While The Countess is no vampire film by any stretch of imagination, Wendigo wanted to make it part of the series exactly because of Bathory's close linkage to vampire lore and literature going back to Sheridan LeFanu's Carmilla and beyond. Dracula maven Raymond McNally has even argued that Bathory, rather than Vlad Tepes, may have been more influential on Bram Stoker's imagination via Carmilla. Delpy briefly teases that a decadent aristocrat who seduces, then submits to Bathory may be a real vampire -- his family is at least the subject of vampiric speculation -- but she isn't out to foreshadow any future vampiric career for the Countess. Nevertheless, since Bathory is a proto-vampire in the popular mind, any Bathory film is virtually a vampire movie.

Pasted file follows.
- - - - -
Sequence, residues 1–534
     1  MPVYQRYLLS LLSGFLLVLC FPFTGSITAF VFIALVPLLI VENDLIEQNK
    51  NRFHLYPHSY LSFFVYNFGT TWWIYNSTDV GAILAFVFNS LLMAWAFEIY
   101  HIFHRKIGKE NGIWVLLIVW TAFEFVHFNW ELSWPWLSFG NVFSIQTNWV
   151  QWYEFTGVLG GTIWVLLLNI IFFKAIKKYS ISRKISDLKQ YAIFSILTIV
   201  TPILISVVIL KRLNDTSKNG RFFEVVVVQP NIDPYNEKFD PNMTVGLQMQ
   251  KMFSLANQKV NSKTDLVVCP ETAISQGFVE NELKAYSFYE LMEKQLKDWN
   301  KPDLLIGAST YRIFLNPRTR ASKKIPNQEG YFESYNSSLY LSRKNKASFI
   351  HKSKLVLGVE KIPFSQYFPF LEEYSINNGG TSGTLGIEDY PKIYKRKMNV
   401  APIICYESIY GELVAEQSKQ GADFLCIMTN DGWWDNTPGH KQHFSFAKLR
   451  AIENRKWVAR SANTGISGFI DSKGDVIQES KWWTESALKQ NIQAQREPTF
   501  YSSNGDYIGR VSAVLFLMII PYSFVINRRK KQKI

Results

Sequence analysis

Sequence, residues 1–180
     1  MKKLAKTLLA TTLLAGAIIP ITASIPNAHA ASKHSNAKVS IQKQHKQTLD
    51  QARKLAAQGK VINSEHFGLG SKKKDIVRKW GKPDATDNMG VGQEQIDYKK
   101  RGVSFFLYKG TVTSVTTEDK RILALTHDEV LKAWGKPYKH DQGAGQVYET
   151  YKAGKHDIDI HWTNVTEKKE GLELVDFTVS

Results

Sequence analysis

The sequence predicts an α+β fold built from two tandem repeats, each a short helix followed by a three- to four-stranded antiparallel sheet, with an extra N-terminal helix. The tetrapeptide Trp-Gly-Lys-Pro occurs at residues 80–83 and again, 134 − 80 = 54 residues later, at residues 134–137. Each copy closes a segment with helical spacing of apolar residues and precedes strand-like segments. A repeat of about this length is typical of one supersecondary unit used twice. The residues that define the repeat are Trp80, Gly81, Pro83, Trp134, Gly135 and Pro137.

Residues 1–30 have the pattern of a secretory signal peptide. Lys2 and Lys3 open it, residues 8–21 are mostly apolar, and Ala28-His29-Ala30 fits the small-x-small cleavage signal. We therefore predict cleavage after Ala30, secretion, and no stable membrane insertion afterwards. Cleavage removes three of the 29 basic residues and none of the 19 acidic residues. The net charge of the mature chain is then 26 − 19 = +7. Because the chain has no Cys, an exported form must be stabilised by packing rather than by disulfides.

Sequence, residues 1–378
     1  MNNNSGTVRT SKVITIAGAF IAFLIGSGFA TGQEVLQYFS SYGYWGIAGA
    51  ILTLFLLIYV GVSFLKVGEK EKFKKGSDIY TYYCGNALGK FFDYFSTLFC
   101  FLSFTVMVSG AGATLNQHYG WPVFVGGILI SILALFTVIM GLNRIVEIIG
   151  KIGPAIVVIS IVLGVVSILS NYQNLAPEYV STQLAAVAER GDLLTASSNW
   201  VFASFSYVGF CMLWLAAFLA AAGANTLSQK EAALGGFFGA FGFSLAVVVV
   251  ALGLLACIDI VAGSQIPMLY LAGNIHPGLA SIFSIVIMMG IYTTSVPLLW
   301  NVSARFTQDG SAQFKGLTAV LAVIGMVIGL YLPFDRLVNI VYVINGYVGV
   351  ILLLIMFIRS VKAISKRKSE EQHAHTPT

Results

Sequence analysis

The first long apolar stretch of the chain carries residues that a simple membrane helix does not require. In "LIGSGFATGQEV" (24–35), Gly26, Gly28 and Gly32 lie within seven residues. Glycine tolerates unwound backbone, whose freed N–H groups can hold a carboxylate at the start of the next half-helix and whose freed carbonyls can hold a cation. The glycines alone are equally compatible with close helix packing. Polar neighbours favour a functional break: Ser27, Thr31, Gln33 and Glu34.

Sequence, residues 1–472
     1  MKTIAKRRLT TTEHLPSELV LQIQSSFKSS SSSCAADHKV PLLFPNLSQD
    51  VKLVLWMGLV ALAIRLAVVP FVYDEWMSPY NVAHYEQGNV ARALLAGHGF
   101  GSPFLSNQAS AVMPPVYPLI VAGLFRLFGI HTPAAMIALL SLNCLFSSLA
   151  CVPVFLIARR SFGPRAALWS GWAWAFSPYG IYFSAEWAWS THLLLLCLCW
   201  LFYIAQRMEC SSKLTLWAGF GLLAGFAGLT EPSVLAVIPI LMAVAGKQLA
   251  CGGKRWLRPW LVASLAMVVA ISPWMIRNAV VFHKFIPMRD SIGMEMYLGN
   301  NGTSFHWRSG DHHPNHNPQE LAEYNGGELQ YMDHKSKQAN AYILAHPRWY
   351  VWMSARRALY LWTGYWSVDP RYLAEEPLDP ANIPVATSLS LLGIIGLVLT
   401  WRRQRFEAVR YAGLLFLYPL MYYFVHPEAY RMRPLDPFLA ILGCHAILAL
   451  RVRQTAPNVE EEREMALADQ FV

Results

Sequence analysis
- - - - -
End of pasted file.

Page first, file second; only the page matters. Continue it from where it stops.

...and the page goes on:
Since we haven't seen the Jakubisko Bathory, our only point of comparison with an all-out Bathory movie is Peter Sasdy's Countess Dracula, and Wendigo considers Delpy's Countess superior to Sasdy on just about every level. Delpy is obviously more concerned with fidelity to history than Hammer was, though the sparsity of the record compels her to speculate at times, but even conceding artistic license to Sasdy Delpy outdoes his picture in script and direction. The most Wendigo will grant the Hammer is that Ingrid Pitt looks and sounds more like his mental image of Bathory, and may have been a better actress in the role overall than Delpy was. Wendigo thinks that Delpy may have bitten off more than she could chew in writing and acting a script in what to her is a second language -- English, that is. While she's given herself an out by emphasizing how cold Bathory was, her delivery too often seemed rushed and uninflected, as if she wasn't the best judge of her own line readings, though she's usually expressively convincing. What she does conveys effectively, and most impressively for Wendigo, is Bathory's complete failure to understand that she had done anything wrong. Delpy gives herself a speech like something out of Monsieur Verdoux in which the Countess complains that she's condemned for killing, but warriors are lauded -- but Delpy the director handles the speech just right, showing herself as self-righteous if not self-deluded.